Because some of the source databases used did not list race, the matching criteria did not require a match with the voter's race for inclusion in the felon list. However, the decision was also made to enlarge upon this decision, and rule as ineligible the voter in question even if there was an explicit disagreement between the races listed on the source database and the voter list. According to the Palm Beach Post, more than 1,300 registered voters were matched with felons although their races or sexes were different.
Mark Hull, the former senior programmer for CDB Infotek, a ChoicePoint company, said the state and ChoicePoint could have chosen criteria that would have brought down the number of false positives to less than 1%. George W. Bush officially received fewer than 600 more votes in Florida than Al Gore (2000 election).
The only reliable measure of accuracy of the felon list comes from Leon County (Tallahassee), whose in-house experts checked each name in their county one by one. Out of the 694 named felons in Tallahassee, they could verify only 34 of them, or 5%.
The Palm Beach Post reported that
Additionally, there are other accuracy problems with the list. For example, Linda Howell, Madison County supervisor of elections, who is not a convicted felon and was never on the felon list provided by the Division of Elections or the Florida Department of Law Enforcement, erroneously received a form letter referencing a prior felony conviction from the Florida Department of Law Enforcement stating:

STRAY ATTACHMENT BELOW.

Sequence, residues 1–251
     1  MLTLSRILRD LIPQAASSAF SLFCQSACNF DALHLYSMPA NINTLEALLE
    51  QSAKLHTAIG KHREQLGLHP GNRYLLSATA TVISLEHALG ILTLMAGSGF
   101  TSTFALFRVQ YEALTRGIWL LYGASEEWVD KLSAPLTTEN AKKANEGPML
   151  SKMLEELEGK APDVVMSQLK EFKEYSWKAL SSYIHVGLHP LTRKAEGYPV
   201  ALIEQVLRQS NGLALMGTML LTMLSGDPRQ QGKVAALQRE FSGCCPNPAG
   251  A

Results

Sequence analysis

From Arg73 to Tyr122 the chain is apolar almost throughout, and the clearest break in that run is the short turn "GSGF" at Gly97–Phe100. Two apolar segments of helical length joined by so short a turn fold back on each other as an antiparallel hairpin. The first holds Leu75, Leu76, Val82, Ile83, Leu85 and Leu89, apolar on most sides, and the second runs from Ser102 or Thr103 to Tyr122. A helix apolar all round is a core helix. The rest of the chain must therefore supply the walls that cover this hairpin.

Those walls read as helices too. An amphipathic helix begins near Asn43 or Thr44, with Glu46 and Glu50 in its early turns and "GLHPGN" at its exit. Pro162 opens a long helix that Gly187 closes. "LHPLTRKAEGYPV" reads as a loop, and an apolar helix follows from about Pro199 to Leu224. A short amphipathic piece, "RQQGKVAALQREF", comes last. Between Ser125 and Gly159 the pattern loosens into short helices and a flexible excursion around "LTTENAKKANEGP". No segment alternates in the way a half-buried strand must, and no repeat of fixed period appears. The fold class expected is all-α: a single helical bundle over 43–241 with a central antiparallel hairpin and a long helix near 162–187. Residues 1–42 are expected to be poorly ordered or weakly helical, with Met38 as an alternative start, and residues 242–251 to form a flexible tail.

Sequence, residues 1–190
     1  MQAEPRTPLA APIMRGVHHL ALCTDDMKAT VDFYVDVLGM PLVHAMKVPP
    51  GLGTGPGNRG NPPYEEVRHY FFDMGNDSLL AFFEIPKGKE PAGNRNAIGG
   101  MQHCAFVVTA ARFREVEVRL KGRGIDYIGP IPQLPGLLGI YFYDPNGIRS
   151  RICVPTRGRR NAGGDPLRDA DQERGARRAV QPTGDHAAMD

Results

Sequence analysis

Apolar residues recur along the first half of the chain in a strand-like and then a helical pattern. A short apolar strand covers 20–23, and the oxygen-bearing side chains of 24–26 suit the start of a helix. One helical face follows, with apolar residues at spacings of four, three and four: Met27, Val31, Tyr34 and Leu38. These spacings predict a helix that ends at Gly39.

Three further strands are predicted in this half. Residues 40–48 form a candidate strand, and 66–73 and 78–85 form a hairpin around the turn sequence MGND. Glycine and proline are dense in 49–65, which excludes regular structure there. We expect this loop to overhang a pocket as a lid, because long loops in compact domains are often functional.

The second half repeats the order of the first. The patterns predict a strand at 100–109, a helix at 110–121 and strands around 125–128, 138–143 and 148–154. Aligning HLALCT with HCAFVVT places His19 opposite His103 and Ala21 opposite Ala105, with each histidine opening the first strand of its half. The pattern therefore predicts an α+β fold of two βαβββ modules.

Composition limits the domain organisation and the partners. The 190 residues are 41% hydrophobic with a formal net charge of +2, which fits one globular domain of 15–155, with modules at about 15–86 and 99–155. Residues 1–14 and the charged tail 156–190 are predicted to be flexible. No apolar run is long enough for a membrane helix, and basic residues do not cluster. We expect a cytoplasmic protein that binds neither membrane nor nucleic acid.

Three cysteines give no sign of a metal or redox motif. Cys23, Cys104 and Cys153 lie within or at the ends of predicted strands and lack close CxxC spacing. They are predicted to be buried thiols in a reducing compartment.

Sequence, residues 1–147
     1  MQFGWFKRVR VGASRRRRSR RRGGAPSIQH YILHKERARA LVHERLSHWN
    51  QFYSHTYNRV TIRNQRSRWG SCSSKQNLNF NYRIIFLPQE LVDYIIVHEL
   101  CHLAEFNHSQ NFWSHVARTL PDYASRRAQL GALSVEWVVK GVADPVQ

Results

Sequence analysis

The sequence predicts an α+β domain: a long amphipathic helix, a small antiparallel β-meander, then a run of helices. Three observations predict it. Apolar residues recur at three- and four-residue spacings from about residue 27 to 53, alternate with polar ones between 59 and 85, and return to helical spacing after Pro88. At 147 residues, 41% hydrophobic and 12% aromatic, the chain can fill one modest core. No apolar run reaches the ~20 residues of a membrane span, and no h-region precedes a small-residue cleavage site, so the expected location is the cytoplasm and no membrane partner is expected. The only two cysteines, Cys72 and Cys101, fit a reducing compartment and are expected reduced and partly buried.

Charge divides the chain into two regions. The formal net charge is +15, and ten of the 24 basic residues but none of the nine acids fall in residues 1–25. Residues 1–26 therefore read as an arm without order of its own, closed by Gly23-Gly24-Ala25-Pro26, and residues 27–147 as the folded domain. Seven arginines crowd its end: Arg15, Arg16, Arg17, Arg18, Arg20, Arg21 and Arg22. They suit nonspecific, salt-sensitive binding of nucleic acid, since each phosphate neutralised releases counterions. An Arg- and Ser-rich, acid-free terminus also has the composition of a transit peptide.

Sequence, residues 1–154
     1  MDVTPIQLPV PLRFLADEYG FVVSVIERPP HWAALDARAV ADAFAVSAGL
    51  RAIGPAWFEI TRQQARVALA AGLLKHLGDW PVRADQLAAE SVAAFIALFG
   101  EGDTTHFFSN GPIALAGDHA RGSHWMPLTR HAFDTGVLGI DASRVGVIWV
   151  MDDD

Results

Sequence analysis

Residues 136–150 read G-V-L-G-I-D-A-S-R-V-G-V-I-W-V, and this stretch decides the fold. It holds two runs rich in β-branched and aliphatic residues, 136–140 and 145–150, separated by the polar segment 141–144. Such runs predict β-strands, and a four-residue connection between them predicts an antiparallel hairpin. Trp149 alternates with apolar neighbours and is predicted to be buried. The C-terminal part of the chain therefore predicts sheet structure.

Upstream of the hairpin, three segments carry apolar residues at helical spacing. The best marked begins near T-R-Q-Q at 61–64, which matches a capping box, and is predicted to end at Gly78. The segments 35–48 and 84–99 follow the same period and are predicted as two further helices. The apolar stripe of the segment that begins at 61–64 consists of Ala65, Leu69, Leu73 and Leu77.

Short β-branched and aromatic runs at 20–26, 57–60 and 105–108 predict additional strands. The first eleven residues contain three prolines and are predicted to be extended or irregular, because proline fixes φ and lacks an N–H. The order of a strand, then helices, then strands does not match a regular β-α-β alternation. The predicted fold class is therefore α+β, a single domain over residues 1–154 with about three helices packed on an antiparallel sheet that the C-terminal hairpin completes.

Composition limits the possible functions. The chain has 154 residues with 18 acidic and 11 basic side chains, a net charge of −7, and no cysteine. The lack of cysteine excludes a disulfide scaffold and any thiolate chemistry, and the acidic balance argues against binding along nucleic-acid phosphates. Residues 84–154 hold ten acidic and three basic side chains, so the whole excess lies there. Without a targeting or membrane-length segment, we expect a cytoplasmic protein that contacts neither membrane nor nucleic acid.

Ms. Howell recalled, "I had sent the letter to one of my voters and he sent in the verification form. Instead of picking up his name, they picked up my name and sent me the information."
Some voters on the list did not receive advance notice that they were ineligible to vote until they appeared at the polls. Some had even received new voters cards in the mail.
Phyllis Hampton, general counsel of the Florida Elections Commission, testified that her office could investigate the wrongful removal of a Floridian from the voter rolls if there was evidence of a willful violation. Ms. Hampton stated:
People like Washington County Elections Chief Carol Griffen have argued that Florida was in violation of the National Voter Registration Act of 1993 "by requiring those convicted of felonies in other states (and subsequently restored their rights by said states), to request clemency and a restoration of their rights".
On February, 2002, the NAACP and four other groups filed suit against Harris (NAACP v. Harris), a former state election chief, and the county elections supervisor. The lawsuit cites the state, several counties and the contractor over procedures for voter registration, voter lists and balloting. The suit charges that Black voters were disenfranchised during the 2000 presidential election, and argued that Florida was in violation of the Voting Rights Act of 1965 and the US Constitution's Equal Protection Amendment. The parties reached a settlement wherein ChoicePoint will donate $75,000 to the NAACP and will reprocess the voter file on the plaintiffs' terms.
In August, 2002, the U.S. Commission on Civil Rights released a briefing summary regarding the progress of voting rights in Florida